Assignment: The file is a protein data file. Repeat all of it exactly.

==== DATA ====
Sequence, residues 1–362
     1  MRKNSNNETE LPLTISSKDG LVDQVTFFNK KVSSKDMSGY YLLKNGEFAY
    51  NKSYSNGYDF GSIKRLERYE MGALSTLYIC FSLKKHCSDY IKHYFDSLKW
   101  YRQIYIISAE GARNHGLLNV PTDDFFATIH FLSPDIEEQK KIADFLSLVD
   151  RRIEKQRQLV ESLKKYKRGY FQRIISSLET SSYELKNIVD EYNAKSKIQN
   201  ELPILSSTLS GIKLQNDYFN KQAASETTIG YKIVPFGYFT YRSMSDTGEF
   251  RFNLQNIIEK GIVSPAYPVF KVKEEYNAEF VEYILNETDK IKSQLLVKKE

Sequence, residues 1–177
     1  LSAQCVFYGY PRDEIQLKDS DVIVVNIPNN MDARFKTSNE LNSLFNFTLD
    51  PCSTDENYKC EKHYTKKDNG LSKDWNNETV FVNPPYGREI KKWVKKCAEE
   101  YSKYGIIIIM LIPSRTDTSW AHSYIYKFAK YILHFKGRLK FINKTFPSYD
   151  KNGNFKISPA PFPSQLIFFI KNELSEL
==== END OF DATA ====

Sequence, residues 1–362
     1  MRKNSNNETE LPLTISSKDG LVDQVTFFNK KVSSKDMSGY YLLKNGEFAY
    51  NKSYSNGYDF GSIKRLERYE MGALSTLYIC FSLKKHCSDY IKHYFDSLKW
   101  YRQIYIISAE GARNHGLLNV PTDDFFATIH FLSPDIEEQK KIADFLSLVD
   151  RRIEKQRQLV ESLKKYKRGY FQRIISSLET SSYELKNIVD EYNAKSKIQN
   201  ELPILSSTLS GIKLQNDYFN KQAASETTIG YKIVPFGYFT YRSMSDTGEF
   251  RFNLQNIIEK GIVSPAYPVF KVKEEYNAEF VEYILNETDK IKSQLLVKKE

Sequence, residues 1–177
     1  LSAQCVFYGY PRDEIQLKDS DVIVVNIPNN MDARFKTSNE LNSLFNFTLD
    51  PCSTDENYKC EKHYTKKDNG LSKDWNNETV FVNPPYGREI KKWVKKCAEE
   101  YSKYGIIIIM LIPSRTDTSW AHSYIYKFAK YILHFKGRLK FINKTFPSYD
   151  KNGNFKISPA PFPSQLIFFI KNELSEL